Some are aiming for specific countries, with Germany, Belgium, Sweden and Italy among the favoured destination. Others are less fussy.
“I don’t care,” says Didi, a 33-year-old Nigerian woman. “Anywhere as long as we are safe.”
She left her home country on her own to find work, being smuggled out of the country inside of a lorry transporting cows to reach Niger.
“They didn’t give me any food or water,” Didi recalls, surrounded by women and children in a converted shipping container. “I almost died.”
When the lorry finally stopped, she was forced to labour on a lime farm with other migrants for three weeks to pay for their onward journey, then kept in a “prison” in Libya before being able to board a boat into the Mediterranean.
“Not everyone wants to go to Europe,” she says. “Some of them want to go home, but there’s no way back.”
Next to her, small children toddle around and play with aid workers’ walkie talkies, oblivious to their parents’ troubles.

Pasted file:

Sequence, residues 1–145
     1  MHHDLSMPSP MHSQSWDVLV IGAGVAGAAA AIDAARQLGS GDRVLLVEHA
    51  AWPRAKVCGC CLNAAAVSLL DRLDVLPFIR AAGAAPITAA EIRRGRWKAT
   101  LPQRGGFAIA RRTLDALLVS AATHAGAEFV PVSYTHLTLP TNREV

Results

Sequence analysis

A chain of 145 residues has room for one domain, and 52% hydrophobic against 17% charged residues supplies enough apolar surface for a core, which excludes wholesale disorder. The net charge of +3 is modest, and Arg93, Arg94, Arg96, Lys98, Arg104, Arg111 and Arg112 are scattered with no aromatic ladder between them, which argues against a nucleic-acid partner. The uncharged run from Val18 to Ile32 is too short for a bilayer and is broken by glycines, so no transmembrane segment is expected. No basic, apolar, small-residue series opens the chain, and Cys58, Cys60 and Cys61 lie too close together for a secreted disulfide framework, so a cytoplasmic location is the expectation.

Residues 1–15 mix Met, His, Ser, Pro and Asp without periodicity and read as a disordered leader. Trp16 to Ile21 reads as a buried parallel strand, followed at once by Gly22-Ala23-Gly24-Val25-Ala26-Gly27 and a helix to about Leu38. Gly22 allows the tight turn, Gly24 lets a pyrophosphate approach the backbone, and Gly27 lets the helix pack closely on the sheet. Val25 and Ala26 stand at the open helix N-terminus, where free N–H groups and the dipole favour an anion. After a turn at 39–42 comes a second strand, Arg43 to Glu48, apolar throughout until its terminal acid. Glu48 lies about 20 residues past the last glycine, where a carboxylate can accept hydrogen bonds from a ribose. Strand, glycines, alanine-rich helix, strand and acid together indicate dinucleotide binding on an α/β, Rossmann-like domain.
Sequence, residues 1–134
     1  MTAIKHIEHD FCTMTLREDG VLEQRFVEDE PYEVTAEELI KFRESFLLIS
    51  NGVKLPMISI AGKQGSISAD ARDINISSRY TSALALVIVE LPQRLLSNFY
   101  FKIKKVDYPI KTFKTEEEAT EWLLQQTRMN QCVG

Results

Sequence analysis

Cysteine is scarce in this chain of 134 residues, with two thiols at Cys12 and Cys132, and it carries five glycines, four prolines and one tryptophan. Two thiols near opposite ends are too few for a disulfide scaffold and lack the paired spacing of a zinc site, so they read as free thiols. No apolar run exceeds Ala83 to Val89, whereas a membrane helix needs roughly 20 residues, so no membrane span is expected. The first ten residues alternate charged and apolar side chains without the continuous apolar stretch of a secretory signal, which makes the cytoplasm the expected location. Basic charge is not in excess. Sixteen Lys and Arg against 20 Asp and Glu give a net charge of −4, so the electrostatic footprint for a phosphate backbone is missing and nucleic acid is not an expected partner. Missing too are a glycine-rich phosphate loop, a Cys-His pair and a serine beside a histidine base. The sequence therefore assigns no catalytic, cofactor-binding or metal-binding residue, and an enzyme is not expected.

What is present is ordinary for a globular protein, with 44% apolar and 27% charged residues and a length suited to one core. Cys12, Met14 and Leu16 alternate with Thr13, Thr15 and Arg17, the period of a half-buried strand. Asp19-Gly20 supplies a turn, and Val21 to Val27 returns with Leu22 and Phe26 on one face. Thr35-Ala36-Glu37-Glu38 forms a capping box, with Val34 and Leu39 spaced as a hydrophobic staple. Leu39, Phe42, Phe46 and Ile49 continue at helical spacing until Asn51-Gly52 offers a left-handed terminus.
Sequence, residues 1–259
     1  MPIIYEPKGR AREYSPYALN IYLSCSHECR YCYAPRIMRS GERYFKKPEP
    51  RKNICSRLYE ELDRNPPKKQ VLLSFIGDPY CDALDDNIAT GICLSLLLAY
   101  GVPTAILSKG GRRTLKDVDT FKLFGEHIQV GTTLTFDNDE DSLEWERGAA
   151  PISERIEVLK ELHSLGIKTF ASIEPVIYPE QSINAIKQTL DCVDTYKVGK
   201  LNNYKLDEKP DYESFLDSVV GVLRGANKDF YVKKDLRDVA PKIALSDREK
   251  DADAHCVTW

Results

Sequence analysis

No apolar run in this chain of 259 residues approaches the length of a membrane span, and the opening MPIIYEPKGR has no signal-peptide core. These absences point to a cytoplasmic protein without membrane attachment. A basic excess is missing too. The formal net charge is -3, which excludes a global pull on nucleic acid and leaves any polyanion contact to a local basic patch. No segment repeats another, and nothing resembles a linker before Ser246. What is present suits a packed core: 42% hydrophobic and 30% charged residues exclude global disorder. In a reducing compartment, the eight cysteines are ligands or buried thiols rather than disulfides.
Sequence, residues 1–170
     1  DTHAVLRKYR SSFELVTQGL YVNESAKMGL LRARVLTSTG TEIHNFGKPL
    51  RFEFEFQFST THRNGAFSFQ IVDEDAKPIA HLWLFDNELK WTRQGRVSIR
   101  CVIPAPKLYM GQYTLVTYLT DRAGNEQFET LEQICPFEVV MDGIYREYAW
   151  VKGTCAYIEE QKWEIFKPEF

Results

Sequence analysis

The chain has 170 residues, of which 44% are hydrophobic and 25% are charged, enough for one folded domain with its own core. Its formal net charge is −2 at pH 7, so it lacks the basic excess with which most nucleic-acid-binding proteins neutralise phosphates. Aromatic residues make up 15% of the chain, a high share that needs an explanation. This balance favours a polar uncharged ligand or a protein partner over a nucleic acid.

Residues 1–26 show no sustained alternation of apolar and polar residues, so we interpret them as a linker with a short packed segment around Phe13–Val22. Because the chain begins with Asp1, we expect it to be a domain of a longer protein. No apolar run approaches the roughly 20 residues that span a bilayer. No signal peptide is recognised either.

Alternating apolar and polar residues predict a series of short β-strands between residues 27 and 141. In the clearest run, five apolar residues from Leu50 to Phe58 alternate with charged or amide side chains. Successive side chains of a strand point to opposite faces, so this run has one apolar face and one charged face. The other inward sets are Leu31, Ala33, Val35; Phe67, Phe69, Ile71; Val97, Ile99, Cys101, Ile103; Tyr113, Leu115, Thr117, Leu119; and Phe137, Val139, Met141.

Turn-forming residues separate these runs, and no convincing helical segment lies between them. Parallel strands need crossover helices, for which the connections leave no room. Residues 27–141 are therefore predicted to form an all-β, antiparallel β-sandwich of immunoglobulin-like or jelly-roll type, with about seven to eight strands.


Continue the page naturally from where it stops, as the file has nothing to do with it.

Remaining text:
Suleiman Bouissy sitting with his wife Fatima and two children says what started as a family move from their home on Burkina Faso to find work in Libya degenerated into a nightmare, when violence consumed the town where they settled and a gang kidnapped their 14-month old daughter.
She was released unharmed but Mr Bouissy decided to flee to find safety in Europe, following more than 330,000 refugees and migrants to have reached its shores this year. At least 4,200 people have died in the attempt so far in 2016, the deadliest year on record.
His experience is similar to hundreds of his fellow passengers, with one man arriving with a gunshot wound received just days ago in the country and another who had to be stretchered on to the Bourbon Argos as a result of the torture he underwent there.
A Parliamentary report found the UK “ultimately responsible” for the chaos and bloodshed that followed its joint intervention in Libya, creating a power vacuum that a fragile new government, multiple rebel groups and Isis are still battling to fill.
Mr Menel is angry over his home country’s collapse. “After Iraq, we knew it would be total devastation,” he says.
“Europe should make it easier for people facing terrorism from the new groups to get to safety. We shouldn’t have to risk our lives like this.”